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Going green: the colour of peace

   
 


Dan Kehler, the Associate Pastor of Bergthaler Mennonite Church in Altona, biked 125km to Winnipeg in the pouring rain to attend Mennonite Church Canada’s 2008 Assembly/Summit.

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October 24, 2008
Deborah Froese

WINNIPEG, Manitoba — If you aren’t quite ready to “go green” to decrease your environmental footprint, would you consider going green for peace?

That’s what Dan Kehler is doing. The Associate Pastor of Bergthaler Mennonite Church in Altona says that society’s addiction to oil has made it a commodity that drives war. “I figure the less carbon I use, the less I participate in the economy of oil and the less I participate in the war that is currently going on in Iraq.”

Kehler credits a Mennonite Church Canada Learning Tour to Colombia in Feb. 2007 with raising his awareness about oil dependency. After returning from the trip, both he and his wife struggled to come to terms with the contrast between their comfortable Canadian lifestyle and the poverty and injustice they observed in Colombia, where people are routinely forced from their land or even murdered so that others can reap profits from natural resources such as oil.

“It [oil] further divides the poor and the rich, the hungry and the not hungry. It changes the entire landscape of humanity from one where we are called to live in harmony and close communion with the land to one where I don’t have to think twice about eating a banana from South America because oil is cheap enough to bring it here.” That banana, he points out, was commercially grown in an area where the land should really be used to grow food for the local community.

“I decided to consciously allow that to work at changing the way I do things,” Kehler says.

He began to leave the car at home as much as possible, even biking in the winter and using a bike trailer to buy groceries. The Kehlers still use their vehicle for family vacations or for visiting outside of town, but in an average week they spend less than $20 on fuel. Some weeks, the car never leaves the driveway.

In July, Kehler made a three-hour and forty minute bike ride to Winnipeg from Altona for Mennonite Church Canada’s Annual Assembly. It was pouring rain at the time.

Breaking free of the “oil addiction” can be daunting. In a rural congregation such as the one Kehler pastors, farmers depend upon the oil industry to fuel their equipment and to provide petroleum based chemicals for their fields.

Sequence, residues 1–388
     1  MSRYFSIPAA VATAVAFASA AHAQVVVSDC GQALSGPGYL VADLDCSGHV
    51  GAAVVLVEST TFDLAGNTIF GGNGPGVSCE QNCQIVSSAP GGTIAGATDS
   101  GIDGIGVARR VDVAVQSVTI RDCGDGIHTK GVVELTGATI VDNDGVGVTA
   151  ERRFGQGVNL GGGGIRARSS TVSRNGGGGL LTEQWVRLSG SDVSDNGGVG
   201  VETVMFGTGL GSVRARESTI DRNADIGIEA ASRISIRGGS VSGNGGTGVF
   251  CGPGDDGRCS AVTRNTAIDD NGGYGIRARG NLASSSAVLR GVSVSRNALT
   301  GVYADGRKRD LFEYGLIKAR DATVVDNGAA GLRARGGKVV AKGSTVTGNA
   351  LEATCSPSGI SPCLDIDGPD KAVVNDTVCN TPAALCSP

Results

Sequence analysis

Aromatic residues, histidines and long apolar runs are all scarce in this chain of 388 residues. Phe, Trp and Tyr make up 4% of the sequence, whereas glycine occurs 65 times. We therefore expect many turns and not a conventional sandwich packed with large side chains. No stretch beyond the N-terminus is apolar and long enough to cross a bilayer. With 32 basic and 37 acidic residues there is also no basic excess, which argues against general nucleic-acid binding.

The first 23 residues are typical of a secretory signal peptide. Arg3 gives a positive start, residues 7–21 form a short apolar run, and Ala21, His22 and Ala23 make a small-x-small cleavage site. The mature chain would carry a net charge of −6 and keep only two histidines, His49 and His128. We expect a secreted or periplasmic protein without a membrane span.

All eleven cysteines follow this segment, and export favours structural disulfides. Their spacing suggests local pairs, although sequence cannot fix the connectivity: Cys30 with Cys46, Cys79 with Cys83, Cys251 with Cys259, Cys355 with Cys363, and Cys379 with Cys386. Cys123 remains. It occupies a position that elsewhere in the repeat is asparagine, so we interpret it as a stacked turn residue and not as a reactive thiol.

“To ‘go green’ when you’re talking about someone’s livelihood is a lot harder than just leaving the car at home,” Kehler says.

Sometimes theological understanding can get in the way.“If this world is going to be destroyed and replaced with a new world, why would we worry about it?” he says. “But if we see greening as an act of peace-keeping, that is something we can get a hold of. Our call to peace is rooted in Anabaptism.”

In an email exchange he writes, “The whole gas-in-the-car talk…has caused us to look more closely at how we use energy in general.” Instead of turning on the air conditioner for the entire summer, the Kehlers chose to use it only on the hottest days – fewer than ten in total. They drew blinds to keep summer heat out and used a window box fan and the evening breeze to cool the house.

It’s late October and the Kehlers have not yet turned on their heat. This fall they have drawn from the bounty of their garden, baking and cooking more frequently and using stove heat to warm the house. “It has turned into a bit of a challenge now to see how long we can go without turning on the furnace,” Kehler writes.

They are looking at reducing their consumption in general. “As a family we have started the journey of understanding the depths of our consumerism. I suspect that it will have its setbacks and its successes, but it is one that our faith calls us to walk,” Kehler writes.

He is quick to admit that changes made by one person or family won’t make much difference from a global perspective. “The difference for me personally is that I believe I will be held accountable for what I choose to do, so to choose to come on the bike says that I’ve made a choice not to participate in the economy of oil.”